At Home with Emily Ladow Reynolds - 405 Magazine

At Home with Emily Ladow Reynolds

  Emily Ladow Reynolds is the owner and curator behind Anonyma Fine Art.

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Emily Ladow Reynolds is the owner and curator behind Anonyma Fine Art. A native of the Boston area, she and her husband moved to Oklahoma City in 2009. Anonyma was born out of a passion for “outsider art,” and Reynolds’ eye is evident not only through her curation for her clients, but in the beautiful home she shares with her family. 


405: Tell our readers a little bit about yourself and the genesis of Anonyma Fine Art. 


REYNOLDS: My husband and I moved back here from Boston, my hometown, 10 years ago, after meeting there, attending graduate school, getting married and having our first son. When my children were older and I was ready to work again, it became clear that it would be difficult to find a job in my field (sustainable agriculture and environmental policy).  


I had been casually collecting artwork for several years – I’d discovered a particular passion for outsider art – and began exploring the art scene here in OKC. I realized that most of the galleries in the area specialized in artwork that was fairly traditional and often Southwestern in feel. Friends would come to visit and ask about where I’d found particular pieces, noting that there was nothing comparable available.  

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I decided to make my business official a little more than three years ago, and I’ve never enjoyed work so much. My passion is discovering lesser-known artists and sharing their work with collectors here in Oklahoma.  There were so many painters, sculptors, and printmakers working during the 20th century who were clearly very talented but didn’t enjoy much recognition during their lifetimes. I seek out artwork from other parts of the world – I’ve had pieces from China, Bulgaria, India, Cuba, Kuwait, France, Brazil and Japan, among other places.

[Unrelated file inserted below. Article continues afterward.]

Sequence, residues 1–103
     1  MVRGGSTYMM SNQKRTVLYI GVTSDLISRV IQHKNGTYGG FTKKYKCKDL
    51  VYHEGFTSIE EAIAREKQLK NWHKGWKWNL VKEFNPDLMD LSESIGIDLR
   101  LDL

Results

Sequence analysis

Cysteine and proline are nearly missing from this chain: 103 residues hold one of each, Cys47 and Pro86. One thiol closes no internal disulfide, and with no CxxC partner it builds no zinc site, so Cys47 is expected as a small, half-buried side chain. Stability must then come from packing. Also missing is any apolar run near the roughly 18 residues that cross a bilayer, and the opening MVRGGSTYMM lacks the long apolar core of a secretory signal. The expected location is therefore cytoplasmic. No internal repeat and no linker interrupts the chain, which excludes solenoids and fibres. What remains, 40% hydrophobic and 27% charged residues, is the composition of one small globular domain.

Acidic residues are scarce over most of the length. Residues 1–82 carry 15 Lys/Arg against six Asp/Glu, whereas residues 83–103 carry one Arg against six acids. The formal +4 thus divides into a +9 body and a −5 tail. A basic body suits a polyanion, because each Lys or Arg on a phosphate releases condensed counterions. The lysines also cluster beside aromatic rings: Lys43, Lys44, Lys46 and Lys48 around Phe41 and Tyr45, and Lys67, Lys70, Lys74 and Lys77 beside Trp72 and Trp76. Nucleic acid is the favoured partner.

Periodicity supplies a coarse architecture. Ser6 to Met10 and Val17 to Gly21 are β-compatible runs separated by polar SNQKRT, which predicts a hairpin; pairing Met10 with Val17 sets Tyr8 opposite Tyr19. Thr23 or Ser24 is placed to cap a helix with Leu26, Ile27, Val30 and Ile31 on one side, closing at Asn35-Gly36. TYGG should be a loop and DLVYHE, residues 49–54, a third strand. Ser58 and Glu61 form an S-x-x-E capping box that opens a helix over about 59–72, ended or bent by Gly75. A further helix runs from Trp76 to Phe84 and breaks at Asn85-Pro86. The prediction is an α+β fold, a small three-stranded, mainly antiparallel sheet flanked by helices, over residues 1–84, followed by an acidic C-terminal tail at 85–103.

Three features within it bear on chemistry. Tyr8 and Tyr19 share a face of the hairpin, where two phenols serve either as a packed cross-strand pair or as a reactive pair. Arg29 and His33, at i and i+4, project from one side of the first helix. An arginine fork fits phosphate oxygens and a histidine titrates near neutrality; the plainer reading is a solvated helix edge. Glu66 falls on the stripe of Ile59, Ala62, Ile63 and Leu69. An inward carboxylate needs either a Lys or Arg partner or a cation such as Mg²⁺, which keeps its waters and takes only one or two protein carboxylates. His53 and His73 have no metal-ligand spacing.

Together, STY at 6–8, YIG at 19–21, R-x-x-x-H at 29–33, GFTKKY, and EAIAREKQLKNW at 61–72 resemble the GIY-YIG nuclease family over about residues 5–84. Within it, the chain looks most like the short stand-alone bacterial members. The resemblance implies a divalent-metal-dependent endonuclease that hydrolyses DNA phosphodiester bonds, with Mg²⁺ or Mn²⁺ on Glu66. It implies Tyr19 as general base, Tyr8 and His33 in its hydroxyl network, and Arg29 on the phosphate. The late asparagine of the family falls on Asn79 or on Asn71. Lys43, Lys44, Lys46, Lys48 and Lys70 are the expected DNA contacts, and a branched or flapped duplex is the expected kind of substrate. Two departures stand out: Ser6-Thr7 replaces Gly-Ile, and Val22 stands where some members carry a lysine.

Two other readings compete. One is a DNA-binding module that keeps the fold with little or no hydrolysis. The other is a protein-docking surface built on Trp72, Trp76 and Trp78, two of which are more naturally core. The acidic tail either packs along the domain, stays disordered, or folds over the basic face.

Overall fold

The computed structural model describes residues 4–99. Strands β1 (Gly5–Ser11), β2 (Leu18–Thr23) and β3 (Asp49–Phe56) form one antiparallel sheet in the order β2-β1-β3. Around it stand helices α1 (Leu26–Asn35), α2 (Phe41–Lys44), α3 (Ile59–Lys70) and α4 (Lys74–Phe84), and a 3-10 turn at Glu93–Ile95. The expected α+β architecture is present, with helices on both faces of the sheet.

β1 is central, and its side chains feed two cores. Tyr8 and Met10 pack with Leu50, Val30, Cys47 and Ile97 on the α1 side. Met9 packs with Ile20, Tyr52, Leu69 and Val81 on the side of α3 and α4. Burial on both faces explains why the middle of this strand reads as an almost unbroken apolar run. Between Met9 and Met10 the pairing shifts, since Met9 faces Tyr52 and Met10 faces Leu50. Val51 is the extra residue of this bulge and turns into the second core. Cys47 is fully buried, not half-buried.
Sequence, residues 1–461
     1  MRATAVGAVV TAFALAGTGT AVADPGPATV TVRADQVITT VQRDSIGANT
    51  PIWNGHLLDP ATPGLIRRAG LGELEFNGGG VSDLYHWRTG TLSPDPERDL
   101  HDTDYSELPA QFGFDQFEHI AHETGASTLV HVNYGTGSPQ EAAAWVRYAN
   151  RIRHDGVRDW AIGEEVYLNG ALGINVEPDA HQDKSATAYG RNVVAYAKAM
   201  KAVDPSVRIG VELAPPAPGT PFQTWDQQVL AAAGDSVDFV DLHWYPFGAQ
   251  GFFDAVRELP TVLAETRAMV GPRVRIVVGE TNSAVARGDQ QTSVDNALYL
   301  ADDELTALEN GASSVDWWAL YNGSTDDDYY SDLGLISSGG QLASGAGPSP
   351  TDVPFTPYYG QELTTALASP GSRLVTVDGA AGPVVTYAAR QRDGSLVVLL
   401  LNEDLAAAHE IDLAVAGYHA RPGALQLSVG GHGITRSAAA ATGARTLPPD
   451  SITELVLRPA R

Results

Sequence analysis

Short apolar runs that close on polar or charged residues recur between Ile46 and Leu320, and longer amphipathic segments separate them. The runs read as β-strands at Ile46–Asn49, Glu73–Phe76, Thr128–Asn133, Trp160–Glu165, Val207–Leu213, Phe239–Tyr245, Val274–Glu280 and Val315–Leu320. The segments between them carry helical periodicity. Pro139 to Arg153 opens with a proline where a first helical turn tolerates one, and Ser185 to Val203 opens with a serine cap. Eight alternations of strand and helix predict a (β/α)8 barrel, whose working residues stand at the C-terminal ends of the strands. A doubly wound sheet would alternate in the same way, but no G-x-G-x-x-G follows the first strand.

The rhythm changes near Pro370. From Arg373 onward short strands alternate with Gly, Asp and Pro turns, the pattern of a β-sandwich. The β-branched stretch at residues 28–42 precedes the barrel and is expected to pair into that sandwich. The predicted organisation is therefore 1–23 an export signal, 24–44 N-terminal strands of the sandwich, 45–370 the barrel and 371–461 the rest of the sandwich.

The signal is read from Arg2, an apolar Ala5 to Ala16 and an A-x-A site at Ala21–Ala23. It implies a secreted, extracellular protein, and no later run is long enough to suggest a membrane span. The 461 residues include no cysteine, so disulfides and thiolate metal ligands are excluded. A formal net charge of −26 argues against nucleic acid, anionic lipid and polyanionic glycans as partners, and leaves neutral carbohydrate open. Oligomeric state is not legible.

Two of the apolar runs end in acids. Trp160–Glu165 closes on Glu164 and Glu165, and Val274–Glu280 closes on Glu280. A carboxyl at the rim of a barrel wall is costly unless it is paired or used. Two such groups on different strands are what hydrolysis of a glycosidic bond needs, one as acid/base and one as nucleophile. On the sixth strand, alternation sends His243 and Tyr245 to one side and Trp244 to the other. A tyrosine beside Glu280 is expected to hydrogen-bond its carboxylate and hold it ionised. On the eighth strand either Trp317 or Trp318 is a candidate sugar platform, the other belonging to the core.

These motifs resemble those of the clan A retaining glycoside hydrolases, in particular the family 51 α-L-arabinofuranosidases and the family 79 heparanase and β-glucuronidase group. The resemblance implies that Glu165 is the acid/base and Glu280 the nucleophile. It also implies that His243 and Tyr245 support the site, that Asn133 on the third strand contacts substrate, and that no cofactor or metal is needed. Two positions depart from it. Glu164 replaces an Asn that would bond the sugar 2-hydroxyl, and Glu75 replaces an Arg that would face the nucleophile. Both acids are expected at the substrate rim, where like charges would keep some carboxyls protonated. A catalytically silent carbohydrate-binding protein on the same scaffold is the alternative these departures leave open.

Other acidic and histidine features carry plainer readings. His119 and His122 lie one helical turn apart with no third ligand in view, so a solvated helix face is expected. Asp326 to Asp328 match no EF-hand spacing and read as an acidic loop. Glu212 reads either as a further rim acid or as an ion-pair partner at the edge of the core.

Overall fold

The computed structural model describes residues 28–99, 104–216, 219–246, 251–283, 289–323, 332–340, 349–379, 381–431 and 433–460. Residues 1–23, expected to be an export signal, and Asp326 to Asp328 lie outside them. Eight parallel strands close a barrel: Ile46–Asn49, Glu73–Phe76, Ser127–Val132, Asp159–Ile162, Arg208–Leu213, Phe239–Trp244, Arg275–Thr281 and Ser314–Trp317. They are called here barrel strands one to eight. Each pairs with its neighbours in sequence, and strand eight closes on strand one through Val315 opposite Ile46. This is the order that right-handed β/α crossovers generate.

405: What do you think is the most important thing when looking at collecting art for your home? 

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REYNOLDS: By far the most important thing is to buy pieces that move you. There’s a saying that great art won’t match your sofa, and I couldn’t agree more. Great art isn’t just decoration – it should mean something to you, spark great conversation, maybe leave you with some questions.  Don’t worry about whether a painting you love will “go with” other artwork in your home. If you’re crazy about it, you’ll find the right place to display it.  


I think it’s also important to include work in different media – not just paintings on stretched canvas, but works on paper, and sculpture too. Black and white pieces, whether they’re charcoal drawings, photographic prints or etchings, are especially easy to display in groupings or to mix with more colorful art. 

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405: Do you have a favorite artist or genre of art that you gravitate towards or personally have in your home?


REYNOLDS: Lately, I’ve been obsessed with printmaking, especially what was going on in France in the 1970s and 1980s. Artists like Gilou Brillant, Christian Fossier and Jaqueline De Butler were creating absolutely stunning abstract etchings that are becoming more difficult to find. There are some amazing 20th-century Japanese printmakers as well. Norio Azuma and Noboru Tsurutani’s work explored overlaid geometric forms using serigraphy, and I can’t get enough.